Wednesday, January 13, 2010

Thursday, March 02, 2006

Hell on Wheels

This goes out to all those tough guy drivers of the world. The type that wouldn't even look you in your eye if you passed them on the street, but inside their cars they're cold blooded gangsters. You could take the most mild-mannered, happy-go-lucky guy/gal, throw them behind a steering wheel during rush hour and they become Jack Lambert.


How come? The fact cars are just big metal chunks being piloted around at decent speeds adds a lot of power to a driver. We're all familiar enough with the ugly side effects of power over the next man. That's a big factor.

The bigger factor, however, is the social shield cars provide to drivers. You aren't really outdoors inside your car. You aren't really interacting with the people of your society inside your car. It's a protective bubble from the "outside" world that carries you around. People allow their inner aggressions/hostilities/competition/stress to surface freely at any other who crosses them wrongly on the road, because they feel safer from repercussion inside their bubble.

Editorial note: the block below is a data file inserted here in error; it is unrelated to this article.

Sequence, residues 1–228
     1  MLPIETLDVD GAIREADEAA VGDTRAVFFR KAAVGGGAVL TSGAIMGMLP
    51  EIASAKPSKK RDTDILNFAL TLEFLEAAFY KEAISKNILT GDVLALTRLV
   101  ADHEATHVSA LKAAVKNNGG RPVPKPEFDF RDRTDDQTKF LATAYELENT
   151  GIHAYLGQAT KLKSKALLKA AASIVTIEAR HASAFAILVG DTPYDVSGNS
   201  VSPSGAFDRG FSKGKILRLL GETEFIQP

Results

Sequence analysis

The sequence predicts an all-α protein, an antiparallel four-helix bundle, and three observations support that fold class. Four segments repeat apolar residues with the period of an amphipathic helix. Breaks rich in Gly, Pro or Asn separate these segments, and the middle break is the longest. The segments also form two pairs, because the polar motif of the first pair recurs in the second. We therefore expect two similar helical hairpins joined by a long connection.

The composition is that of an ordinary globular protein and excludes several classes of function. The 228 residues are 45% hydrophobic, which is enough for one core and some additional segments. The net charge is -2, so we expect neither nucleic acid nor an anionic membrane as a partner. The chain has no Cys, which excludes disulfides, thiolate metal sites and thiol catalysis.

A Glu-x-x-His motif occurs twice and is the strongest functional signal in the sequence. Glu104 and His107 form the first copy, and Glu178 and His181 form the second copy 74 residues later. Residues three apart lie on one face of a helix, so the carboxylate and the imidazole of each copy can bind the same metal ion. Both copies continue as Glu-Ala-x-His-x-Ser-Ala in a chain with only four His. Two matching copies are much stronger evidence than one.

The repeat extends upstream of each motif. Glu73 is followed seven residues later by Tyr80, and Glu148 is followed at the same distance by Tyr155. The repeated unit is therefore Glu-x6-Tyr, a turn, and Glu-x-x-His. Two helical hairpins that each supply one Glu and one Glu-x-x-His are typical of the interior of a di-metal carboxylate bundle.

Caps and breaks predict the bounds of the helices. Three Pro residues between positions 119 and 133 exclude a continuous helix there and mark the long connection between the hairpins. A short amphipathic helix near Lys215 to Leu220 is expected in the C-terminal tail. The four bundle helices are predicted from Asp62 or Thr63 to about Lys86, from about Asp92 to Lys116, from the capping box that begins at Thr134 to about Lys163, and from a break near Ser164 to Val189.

Another factor is the likelihood of seeing that driver again, or at least on any regular basis. Chances are, you can scream at someone, flick them off, honk at them, drive away pissed, and forget about it twenty minutes later. You might meet that person a few weeks or even days later and it not register being the same person you were pissed at. So weird.

You never hear of sidewalk rage, or bike trail rage, or bus rage (bus rage exists, but in a different forum for a different discussion). That's because there's more accountability in these face-to-face situations. You can't just yell profanities at someone and speed off, unless your really spry, or Kenyan.

Next time you're cruising in your mid 90's Japanese car, and an old, twenty foot Buick, with temporary tags, rust spots and dents, and shiny rims, cuts you off, think to yourself: would I yell at this guy on the street if he walked in front of me? Prolly not...tough guy.


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